Modern Cinema seeks to highlight the ongoing dialogue between the critically acclaimed filmmakers of today—particularly those showcased in contemporary visual culture—and the great masters of cinema’s past, in an attempt to shine a light on the historical continuity and ongoing impact of this modern art form. The second season explores the boundaries of nonfiction filmmaking—between “fact” and “truth”—in the work of Herzog and in other canonical works in which the filmmaker’s powerful point of view similarly bends the rules of traditional documentary storytelling.

In his 2010 essay “On the Absolute, the Sublime, and Ecstatic Truth,” Herzog put forth his feelings about veracity in life and documentary filmmaking, stating that he “can only very vaguely begin to fathom the Absolute; I am in no position to define the concept.” Distinguishing between the factual and what he calls “ecstatic flash” of truth, he writes, “What moves me has never been reality, but a question that lies behind it: the question of truth.”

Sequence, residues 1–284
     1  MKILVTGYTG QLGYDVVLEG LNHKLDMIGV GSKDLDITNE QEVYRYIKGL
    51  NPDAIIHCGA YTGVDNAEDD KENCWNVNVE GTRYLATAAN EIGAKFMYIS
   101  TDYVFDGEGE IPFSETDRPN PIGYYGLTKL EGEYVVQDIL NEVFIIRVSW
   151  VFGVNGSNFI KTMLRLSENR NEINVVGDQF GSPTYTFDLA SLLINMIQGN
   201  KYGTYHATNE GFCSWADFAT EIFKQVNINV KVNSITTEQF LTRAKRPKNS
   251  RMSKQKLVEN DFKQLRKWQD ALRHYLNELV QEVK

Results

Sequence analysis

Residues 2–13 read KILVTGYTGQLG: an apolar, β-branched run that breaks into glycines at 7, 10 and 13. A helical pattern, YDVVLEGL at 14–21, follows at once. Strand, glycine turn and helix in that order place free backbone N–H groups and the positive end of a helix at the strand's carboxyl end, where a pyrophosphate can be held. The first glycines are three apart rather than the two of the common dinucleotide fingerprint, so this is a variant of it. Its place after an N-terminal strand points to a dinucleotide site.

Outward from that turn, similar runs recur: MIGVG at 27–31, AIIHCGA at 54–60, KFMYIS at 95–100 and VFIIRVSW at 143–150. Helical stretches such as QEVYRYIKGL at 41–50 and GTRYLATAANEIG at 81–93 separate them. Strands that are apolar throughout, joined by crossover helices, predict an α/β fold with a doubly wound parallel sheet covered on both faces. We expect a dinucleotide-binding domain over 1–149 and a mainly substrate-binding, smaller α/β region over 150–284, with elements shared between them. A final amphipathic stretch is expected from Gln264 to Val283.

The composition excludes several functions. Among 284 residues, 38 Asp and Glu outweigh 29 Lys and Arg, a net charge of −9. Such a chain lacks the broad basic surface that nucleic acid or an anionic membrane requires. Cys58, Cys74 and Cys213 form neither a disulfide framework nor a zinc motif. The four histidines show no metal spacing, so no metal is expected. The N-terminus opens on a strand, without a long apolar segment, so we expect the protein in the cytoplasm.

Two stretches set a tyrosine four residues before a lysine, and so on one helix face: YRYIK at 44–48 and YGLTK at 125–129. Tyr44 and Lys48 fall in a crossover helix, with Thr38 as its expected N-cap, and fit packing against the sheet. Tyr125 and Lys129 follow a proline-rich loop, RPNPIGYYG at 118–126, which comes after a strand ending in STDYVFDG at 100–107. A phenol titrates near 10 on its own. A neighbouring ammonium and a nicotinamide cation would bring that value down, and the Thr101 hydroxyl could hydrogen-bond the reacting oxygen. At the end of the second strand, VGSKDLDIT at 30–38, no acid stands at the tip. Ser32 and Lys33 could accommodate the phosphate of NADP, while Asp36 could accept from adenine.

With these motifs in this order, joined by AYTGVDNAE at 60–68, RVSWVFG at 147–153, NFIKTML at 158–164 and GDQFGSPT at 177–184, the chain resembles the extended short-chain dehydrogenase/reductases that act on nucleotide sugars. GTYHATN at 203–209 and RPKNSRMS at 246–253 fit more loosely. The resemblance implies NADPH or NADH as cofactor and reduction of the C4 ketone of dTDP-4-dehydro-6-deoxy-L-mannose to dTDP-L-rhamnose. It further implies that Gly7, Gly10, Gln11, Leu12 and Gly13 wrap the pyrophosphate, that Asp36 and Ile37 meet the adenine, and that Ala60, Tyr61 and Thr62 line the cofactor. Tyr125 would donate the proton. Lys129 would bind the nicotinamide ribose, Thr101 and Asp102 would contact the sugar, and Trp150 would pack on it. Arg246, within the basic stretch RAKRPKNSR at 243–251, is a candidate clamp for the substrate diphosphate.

Taking Herzog’s idea of the Ecstatic Truth as its organizing principle, the second season of Modern Cinema combines a vast range of this master filmmaker’s documentaries with complementary works that operate along similar lines. A number of the films presented are seminal works from early in Herzog’s career. Whether it’s the unforgettable landscapes and nightmarish visions of Fata Morgana and Lessons of Darkness; the probing looks at preaching and spirituality in Huie’s Sermon, Wheel of Time and Pilgrimage; or some of his more recent investigations into the natural world, Herzog’s films almost always seek to surprise and provoke in how they approach their topics.

The films by other directors presented alongside Herzog’s work share some of his interests while reflecting their creators’ own particular styles. From idiosyncratic portraits of unique individuals (Shirley Clarke’s Portrait of Jason and Herzog’s Little Dieter Needs to Fly) to unforgettable depictions about spirituality (Philip Gröning’s Into Great Silence and Herzog’s Bells from the Deep) to behind-the-scenes stories of filmmaking itself (Les Blank’s Burden of Dreams and Herzog’s My Best Fiend), the subjects presented in Werner Herzog and Ecstatic Truth offer visionary realizations of nonfiction work.